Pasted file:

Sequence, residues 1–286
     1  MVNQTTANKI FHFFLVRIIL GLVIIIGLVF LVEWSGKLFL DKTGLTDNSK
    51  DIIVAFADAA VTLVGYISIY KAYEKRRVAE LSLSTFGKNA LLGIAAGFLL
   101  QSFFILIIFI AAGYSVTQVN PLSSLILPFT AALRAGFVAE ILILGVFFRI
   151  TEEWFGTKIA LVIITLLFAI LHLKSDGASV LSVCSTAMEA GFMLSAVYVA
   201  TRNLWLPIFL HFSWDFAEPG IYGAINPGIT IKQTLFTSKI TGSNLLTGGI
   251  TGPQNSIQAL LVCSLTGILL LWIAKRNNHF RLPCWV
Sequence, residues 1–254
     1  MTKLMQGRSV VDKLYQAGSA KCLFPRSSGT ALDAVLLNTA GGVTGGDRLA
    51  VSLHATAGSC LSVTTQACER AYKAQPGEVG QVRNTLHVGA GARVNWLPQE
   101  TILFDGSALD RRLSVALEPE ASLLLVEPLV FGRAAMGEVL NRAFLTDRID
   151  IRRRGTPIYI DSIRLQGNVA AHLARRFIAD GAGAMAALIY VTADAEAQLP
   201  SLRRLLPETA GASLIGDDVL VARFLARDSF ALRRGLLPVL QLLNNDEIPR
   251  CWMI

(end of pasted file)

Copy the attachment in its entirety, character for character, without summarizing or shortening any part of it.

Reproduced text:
Sequence, residues 1–286
     1  MVNQTTANKI FHFFLVRIIL GLVIIIGLVF LVEWSGKLFL DKTGLTDNSK
    51  DIIVAFADAA VTLVGYISIY KAYEKRRVAE LSLSTFGKNA LLGIAAGFLL
   101  QSFFILIIFI AAGYSVTQVN PLSSLILPFT AALRAGFVAE ILILGVFFRI
   151  TEEWFGTKIA LVIITLLFAI LHLKSDGASV LSVCSTAMEA GFMLSAVYVA
   201  TRNLWLPIFL HFSWDFAEPG IYGAINPGIT IKQTLFTSKI TGSNLLTGGI
   251  TGPQNSIQAL LVCSLTGILL LWIAKRNNHF RLPCWV
Sequence, residues 1–254
     1  MTKLMQGRSV VDKLYQAGSA KCLFPRSSGT ALDAVLLNTA GGVTGGDRLA
    51  VSLHATAGSC LSVTTQACER AYKAQPGEVG QVRNTLHVGA GARVNWLPQE
   101  TILFDGSALD RRLSVALEPE ASLLLVEPLV FGRAAMGEVL NRAFLTDRID
   151  IRRRGTPIYI DSIRLQGNVA AHLARRFIAD GAGAMAALIY VTADAEAQLP
   201  SLRRLLPETA GASLIGDDVL VARFLARDSF ALRRGLLPVL QLLNNDEIPR
   251  CWMI